When your job is to look after the needs of your clients, it can end up taking over your working day if it’s not kept in check.
Of course clients need your attention, but when you’re tending to their every email the second it pops into your inbox or answering their call after only one ring, that To-Do list is only going to get bigger and bigger.
It’s all too easy to be at the beck and call of a client, but the truth is you need some Zen-like space to concentrate on simply getting your work for them done.
Turn off emails
Blocking out emails is fairly straightforward. Turn them off and learn the discipline not to quickly check on them while you’re in the middle of a piece of work. This is more difficult than it sounds, but with persistence can be achieved.
Forward calls to another person
One of the biggest annoyances is the ringing phone. Even if you switch it to silent, your client is still trying to get through to you and the temptation to answer doesn’t go away. Letting them go through to voicemail is unthinkable if you don’t want to come across as rude. Using a telephone answering service will make sure calls are answered and the client’s needs are met.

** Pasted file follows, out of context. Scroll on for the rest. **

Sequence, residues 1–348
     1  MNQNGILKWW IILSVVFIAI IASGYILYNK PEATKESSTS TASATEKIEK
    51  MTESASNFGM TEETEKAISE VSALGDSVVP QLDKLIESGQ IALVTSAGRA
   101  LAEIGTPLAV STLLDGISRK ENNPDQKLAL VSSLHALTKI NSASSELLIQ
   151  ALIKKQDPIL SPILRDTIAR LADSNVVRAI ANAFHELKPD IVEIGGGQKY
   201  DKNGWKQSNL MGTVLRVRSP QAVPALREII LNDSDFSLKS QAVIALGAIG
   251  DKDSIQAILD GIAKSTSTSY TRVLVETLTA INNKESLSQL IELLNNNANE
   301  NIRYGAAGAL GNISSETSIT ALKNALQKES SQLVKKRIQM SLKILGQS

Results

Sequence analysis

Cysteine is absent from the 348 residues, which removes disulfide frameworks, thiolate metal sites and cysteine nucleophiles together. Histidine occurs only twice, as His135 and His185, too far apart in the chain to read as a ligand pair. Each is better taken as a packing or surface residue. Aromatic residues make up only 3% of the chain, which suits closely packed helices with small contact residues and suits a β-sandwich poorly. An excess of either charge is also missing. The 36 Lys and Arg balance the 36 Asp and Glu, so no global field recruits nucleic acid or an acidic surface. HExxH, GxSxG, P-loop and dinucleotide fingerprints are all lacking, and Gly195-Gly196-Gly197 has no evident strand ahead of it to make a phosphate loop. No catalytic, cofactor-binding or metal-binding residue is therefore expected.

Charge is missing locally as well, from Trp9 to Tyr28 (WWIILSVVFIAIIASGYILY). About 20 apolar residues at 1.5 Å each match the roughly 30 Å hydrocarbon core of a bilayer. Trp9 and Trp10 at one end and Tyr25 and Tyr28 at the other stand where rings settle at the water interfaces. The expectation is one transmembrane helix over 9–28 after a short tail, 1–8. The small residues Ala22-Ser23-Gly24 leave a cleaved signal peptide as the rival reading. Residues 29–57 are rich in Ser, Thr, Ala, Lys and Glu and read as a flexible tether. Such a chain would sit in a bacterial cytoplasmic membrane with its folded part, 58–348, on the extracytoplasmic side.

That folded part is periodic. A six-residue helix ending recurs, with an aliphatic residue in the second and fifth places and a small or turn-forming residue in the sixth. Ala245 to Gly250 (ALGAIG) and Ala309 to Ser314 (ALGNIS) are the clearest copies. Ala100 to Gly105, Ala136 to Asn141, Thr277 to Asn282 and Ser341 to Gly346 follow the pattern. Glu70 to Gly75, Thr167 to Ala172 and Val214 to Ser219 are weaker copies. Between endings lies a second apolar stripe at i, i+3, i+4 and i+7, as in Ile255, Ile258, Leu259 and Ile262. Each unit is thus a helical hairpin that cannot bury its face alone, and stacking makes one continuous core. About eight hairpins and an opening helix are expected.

Designate question time
If you work with other people who also need your input into their work, ask them to get in touch at certain points during the day. This will save you being bombarded with questions and interrupting your work-flow. Lunchtime and mid-afternoon are often natural break points during the day.
Have a study space
This may seem like the sort of thing you’d find in a college or university, but having a specific quite room or space in the office could be just what you need to help create an atmosphere where you can concentrate on work away from devices and chatter.
Balance the atmosphere
That annoying hum of air-conditioning or tapping of a radiator can cause a distraction when you’re trying to get into the work-zone. When you’re trying to concentrate, you notice the temperature and office noises much more, so make sure your comfortable and turn off any equipment that makes a racket.